I am navigating my way through the afternoon traffic at the entrance of Port Louis, getting

Saffiyah Edoo

into my lane, mindful of the bottleneck due to the new road “development”. It’s hot, stuffy and I am suffering from stomach cramps. My 8 and 6-year-old, whose banter from the backseat was just buzz suddenly escalated to a full-blown fight, complete with hitting and hair pulling. I try to defuse the situation, in vain. Their older brother tries to calm them down from the front seat, to no avail. My voice turns sterner, still nothing. My nerves are getting frazzled proportionately to the hysteria blowing in the backseat until I can take it no more and go in full-crazy-banshee mode and shout at the top of my lungs at the two to stop or they will have the punishment of their lives at home. They are literally stunned into silence. Calm is back in the car, but it takes a good ten minutes for my nerves to dial down. Tears of frustration prick my eyes, but I cannot give in an ugly cry as I have to concentrate on the road. For such is parenting, one minute is all sweet cuddles and chatter, and you have to put on another mask the other.

Any mother, or parent for that matter, will agree that parenting is no walk in the park. It is one hell of a ride, complete with self-doubts, the fear of judgement from others, not to mention unsolicited advice from others, throwing what you think you’re doing right into turmoil; until you realise that there is only one way that this can work: take one day at a time, adapt to the child, impart what you feel you should and hope for the best. Parenthood has the ability to put one’s mental health into jeopardy, especially for mothers. From pregnancy, to postpartum depression, mothers’ mental health is very often considered secondary to children’s welfare.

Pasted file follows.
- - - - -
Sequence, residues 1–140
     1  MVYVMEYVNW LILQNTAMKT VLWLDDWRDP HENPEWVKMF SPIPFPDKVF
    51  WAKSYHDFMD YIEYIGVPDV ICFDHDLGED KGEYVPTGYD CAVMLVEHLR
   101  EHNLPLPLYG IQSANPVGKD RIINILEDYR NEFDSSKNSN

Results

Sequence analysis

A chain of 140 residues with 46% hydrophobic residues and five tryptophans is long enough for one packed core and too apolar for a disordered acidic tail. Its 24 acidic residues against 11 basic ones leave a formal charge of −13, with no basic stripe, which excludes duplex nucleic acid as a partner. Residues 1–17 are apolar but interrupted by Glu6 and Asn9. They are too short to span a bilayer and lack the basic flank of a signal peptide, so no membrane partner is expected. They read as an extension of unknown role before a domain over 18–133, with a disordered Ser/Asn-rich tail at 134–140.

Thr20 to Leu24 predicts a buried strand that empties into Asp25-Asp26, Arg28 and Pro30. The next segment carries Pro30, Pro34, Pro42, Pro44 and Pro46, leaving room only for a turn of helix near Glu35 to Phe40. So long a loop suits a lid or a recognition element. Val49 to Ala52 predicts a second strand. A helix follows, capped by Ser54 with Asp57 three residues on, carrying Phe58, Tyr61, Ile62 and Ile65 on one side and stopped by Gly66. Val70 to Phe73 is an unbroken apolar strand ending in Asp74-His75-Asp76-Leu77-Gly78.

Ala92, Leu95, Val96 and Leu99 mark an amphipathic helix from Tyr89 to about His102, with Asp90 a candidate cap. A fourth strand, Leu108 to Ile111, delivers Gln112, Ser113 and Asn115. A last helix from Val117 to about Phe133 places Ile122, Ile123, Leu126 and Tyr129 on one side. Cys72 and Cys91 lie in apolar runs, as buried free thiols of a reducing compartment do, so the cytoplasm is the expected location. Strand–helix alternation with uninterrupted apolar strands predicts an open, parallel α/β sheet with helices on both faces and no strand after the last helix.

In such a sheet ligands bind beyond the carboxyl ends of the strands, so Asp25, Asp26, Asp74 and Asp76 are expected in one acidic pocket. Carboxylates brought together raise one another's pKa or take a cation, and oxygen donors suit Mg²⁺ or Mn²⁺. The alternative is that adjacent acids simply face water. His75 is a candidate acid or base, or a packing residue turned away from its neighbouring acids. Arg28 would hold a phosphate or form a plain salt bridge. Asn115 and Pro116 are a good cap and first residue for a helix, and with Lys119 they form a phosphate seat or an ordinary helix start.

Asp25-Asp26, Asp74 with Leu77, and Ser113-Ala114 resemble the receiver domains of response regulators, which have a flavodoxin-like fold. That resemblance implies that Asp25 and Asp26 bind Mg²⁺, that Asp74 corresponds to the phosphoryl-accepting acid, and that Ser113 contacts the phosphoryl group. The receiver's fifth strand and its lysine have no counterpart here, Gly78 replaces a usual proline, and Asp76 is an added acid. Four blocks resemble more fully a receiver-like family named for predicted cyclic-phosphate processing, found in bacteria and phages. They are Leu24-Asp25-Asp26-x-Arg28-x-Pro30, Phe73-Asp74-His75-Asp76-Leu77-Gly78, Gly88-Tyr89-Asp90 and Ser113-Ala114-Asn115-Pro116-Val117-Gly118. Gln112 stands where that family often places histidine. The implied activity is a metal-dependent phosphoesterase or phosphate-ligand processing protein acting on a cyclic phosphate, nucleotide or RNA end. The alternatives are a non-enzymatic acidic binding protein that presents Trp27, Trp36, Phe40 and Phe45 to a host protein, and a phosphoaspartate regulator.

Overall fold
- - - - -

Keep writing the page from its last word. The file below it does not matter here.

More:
Recent headlines of two mothers mistreating their daughters sparked once more, the discussion on what is wrong in our society and what should be done. Conversations about the mothers’ unfitness were dissected by and large, not to mention the avalanche of abuse on social media towards them. The fitness to parent is certified apparently only by the fact of being an adult, which supposedly gives parents superpowers to be on top of the game in everything they do, irrespective of any adverse conditions and circumstances. Over time, so much pressure has been put on parents to be perfect that there is the need to brush moments of doubts and weaknesses when parenting under the carpet out of fear of being judged as a parent who is not good enough. The welfare of the children in those specific cases has been well taken care, but what about the mothers? Is there any system in place which allows for a support to the parent to understand why the situation has escalated that far? Is it enough to

brand the mothers with the hot iron of “Bad Parent” because we see only what we want to see?